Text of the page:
Online Prescriptions Are Becoming A Public Health Threat

Purchasing prescription drugs over the internet without a valid prescription is shockingly simple. An internet connection, a credit card and basic Google skills are all you need to have prescription drugs delivered to your front door.

The National Association of Boards of Pharmacy (NABP) issued a rare “public health alert” on July 28, 2011. Based on a recent study the NABP found that 96 percent of 8,000 rogue websites analyzed continue to operate out of compliance with U.S. pharmacy laws. In their alert the NABP warned: “The fake online pharmacy crisis has reached an epidemic level, they prey on prescription drug abusers, and the most vulnerable members of society…” Most of these sites will sell prescription drugs without a valid prescription. The National Center on Addiction and Substance Abuse (CAPA) at Colombia University in 2006 found that 9 out of 10 websites selling prescription drugs do not require a prescription.

According to research conducted by the Partnership for a found that 1 in 6 Americans purchase prescription drugs via the internet without a valid prescription. They also found that from 2000 to 2007 states with the fastest growth of Internet access also had the largest jump in hospital admissions for treatment of prescription drug abuse. The Journal of Health Affairs in May 2011 suggested that the growth of high speed internet access has fueled prescription drug abuse.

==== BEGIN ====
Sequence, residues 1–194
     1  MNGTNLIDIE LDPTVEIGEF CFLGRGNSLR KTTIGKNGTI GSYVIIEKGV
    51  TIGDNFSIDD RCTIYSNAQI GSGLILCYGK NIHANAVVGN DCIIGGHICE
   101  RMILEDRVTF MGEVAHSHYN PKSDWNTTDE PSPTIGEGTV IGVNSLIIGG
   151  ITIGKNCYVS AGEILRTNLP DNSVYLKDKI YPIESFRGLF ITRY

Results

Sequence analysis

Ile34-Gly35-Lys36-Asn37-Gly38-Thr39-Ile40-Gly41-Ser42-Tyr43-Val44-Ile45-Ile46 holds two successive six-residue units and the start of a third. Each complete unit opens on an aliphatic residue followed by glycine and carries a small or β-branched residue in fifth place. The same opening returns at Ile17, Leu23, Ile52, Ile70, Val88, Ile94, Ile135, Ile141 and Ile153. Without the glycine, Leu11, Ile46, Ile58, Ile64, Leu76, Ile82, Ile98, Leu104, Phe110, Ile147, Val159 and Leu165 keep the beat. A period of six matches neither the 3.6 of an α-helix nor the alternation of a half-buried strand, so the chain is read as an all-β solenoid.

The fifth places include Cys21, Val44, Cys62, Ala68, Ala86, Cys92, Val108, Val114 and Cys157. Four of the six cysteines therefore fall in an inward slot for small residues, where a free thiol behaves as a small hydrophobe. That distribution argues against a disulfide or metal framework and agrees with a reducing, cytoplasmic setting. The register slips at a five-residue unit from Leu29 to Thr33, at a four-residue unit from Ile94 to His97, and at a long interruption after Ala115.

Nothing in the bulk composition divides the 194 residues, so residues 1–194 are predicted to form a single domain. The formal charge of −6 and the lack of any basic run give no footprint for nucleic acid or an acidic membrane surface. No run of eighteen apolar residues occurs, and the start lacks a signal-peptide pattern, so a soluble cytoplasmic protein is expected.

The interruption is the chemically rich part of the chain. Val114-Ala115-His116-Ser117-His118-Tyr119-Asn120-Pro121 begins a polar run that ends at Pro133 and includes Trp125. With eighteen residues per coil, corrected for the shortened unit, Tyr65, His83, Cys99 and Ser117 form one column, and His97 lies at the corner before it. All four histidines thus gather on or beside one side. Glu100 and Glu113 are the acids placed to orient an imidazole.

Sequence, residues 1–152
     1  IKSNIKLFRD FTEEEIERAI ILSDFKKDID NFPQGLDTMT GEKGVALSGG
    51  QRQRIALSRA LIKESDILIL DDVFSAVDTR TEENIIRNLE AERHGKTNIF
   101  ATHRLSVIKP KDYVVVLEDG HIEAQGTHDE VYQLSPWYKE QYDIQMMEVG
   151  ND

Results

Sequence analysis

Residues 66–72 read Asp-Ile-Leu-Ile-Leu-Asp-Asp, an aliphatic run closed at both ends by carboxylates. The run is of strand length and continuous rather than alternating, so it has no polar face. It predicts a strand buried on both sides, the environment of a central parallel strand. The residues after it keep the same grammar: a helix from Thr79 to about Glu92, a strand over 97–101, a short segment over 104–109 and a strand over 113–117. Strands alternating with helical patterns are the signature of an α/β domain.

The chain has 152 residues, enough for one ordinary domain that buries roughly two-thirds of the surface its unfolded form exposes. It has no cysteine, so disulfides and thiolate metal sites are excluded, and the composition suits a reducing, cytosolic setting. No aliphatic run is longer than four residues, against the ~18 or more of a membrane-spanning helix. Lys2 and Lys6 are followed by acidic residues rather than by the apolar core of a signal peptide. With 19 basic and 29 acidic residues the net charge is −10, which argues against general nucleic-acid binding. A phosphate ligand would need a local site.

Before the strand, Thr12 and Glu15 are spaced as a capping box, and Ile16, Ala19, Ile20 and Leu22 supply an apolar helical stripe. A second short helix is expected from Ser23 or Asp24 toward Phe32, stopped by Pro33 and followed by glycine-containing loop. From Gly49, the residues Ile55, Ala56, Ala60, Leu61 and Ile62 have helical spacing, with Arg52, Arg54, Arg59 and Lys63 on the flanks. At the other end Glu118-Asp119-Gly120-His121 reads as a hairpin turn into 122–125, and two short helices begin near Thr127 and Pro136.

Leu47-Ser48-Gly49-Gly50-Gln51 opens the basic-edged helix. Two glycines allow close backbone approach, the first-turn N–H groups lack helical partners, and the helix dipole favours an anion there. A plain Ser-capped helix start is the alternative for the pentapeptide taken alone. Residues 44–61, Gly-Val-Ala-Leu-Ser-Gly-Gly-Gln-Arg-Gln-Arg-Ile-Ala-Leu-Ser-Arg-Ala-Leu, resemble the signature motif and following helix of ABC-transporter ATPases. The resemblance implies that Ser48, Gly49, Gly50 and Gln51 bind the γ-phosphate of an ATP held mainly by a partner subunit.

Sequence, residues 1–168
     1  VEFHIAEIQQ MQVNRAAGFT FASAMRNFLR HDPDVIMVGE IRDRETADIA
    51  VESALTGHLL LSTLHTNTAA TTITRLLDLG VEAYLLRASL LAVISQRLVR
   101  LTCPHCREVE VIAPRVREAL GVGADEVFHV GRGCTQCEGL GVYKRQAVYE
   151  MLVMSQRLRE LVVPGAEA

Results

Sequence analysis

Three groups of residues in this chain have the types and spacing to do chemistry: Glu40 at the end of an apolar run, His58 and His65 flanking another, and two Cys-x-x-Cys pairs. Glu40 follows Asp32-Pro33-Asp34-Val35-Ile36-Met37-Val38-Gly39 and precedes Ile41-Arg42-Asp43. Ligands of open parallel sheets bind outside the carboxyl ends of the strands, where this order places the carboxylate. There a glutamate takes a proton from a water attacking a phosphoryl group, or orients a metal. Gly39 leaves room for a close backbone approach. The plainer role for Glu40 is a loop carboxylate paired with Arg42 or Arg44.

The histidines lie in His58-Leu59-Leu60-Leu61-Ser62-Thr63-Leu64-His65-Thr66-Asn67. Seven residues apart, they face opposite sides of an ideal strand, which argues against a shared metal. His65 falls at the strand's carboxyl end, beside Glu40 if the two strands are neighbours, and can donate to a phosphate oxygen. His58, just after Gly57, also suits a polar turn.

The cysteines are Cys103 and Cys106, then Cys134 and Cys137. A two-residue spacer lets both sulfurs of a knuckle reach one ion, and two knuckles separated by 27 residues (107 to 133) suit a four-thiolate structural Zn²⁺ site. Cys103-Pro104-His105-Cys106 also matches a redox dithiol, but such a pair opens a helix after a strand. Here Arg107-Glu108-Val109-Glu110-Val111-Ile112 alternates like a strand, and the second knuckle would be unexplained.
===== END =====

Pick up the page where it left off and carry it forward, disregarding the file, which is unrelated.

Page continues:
The sale of prescription drugs over the internet is extremely lucrative (see my blog of Jan. 18, 2007) and is fueled by the unholy trio of website operators (frequently overseas), the pharmacists, and online prescribing physicians. The physicians who issue prescriptions based on online questionnaires without ever seeing the patient are the most reprehensible. The Ryan Haight Online Pharmacy Consumer Protection Act makes it a felony to prescribe controlled substances over the internet without a valid prescription. However, even the sale of non controlled prescriptions drugs without a valid prescription -patient having a physical examination by a physician- is also a felony (see my blog of December 15, 2011). Late last year Senators Feinstein and Sessions introduced the Online Pharmacy Safety Act of 2011 which makes it a felony to prescribe non controlled prescription drugs without a valid prescription.

If you or a family member have been injured or died as a result of a prescription drug obtained over the internet, you can and should fight back. Medical malpractice and product liability lawsuits against internet pharmacies, pharmacists, and physicians who prescribe without a valid physician-patient relationship are an effective way to secure not only compensation for your losses but also to put a halt to this growing public health threat. Should you wish to discuss your situation further, feel free to contact Edmund Scanlan toll free at 877-494-1309.

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